What Can Snails Tell Us About Water Quality?

Pete McIntyre
Pete McIntyre

For the past 20 years, biologist Pete McIntyre has traveled to Africa’s Lake Tanganyika, Earth’s second-largest freshwater lake by volume, to study freshwater snails found nowhere else in the world. McIntyre, a professor with the University of Wisconsin-Madison, explains why these snails are important and what they tell us about pollution in the lake.

Q: First off, why study snails?

A: The snails of Lake Tanganyika are very diverse by freshwater snail standards. They’re interesting biologically, but we can also use them as sentinels for change in the environment. Unlike fish, they’re stuck at the bottom of the lake. So if some aspect of the environment changes, they’re also stuck with whatever bad things happen to the system.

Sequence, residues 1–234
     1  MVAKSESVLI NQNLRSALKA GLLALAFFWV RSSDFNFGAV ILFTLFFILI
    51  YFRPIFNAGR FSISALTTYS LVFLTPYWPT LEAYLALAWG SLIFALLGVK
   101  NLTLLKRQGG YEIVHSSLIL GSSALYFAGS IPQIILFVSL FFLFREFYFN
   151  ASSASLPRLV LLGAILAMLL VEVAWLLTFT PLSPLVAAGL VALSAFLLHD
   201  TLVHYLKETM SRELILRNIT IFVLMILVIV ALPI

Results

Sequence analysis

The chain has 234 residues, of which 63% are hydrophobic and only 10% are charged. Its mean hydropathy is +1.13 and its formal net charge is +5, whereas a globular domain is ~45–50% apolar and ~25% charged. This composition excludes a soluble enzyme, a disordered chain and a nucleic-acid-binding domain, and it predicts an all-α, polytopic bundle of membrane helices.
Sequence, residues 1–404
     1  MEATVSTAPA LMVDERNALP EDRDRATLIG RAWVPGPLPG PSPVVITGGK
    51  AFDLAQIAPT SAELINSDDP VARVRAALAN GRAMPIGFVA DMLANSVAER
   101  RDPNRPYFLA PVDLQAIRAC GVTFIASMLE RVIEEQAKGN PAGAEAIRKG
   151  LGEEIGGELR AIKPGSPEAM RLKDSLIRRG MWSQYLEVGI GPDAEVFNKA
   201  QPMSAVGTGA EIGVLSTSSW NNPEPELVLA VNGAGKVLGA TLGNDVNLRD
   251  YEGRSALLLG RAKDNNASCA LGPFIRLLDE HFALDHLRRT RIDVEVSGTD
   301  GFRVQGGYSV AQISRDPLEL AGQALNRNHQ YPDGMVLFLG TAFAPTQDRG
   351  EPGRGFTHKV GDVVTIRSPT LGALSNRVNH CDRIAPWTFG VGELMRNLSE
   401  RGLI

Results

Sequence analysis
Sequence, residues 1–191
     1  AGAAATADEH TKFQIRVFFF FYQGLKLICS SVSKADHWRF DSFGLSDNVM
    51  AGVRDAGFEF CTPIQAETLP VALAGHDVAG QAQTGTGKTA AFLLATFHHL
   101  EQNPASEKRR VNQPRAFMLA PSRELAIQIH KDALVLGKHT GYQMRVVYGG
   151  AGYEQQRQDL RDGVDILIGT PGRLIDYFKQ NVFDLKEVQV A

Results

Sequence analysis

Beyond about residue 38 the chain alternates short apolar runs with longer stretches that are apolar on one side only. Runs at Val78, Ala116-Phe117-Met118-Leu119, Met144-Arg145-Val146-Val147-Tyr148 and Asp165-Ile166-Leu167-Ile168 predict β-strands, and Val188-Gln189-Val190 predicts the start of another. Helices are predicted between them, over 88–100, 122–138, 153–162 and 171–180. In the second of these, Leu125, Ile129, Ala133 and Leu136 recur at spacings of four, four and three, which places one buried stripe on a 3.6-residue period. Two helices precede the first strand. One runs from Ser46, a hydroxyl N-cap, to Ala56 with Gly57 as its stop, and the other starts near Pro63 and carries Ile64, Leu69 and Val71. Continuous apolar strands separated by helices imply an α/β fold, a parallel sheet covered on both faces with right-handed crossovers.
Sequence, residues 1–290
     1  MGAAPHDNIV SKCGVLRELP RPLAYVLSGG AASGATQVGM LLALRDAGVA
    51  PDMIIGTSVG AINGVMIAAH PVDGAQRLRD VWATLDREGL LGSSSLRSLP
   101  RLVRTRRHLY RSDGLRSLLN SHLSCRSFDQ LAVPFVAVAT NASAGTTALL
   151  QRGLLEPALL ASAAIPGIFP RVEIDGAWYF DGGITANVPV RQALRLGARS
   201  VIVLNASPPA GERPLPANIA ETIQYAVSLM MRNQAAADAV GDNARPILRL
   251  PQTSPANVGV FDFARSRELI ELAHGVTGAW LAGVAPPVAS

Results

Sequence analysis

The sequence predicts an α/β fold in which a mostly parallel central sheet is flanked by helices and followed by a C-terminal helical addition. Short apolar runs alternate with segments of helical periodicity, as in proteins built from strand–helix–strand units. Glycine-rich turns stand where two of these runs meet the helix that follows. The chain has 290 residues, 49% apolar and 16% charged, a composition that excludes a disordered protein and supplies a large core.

Snails are painted bright shades of nail polish so they're easier to locate after they've been put back into Lake Tanganyika. Photo: Ellen Hamann
Snails are painted bright shades of nail polish so they’re easier to locate after they’ve been put back into Lake Tanganyika. Photo: Ellen Hamann

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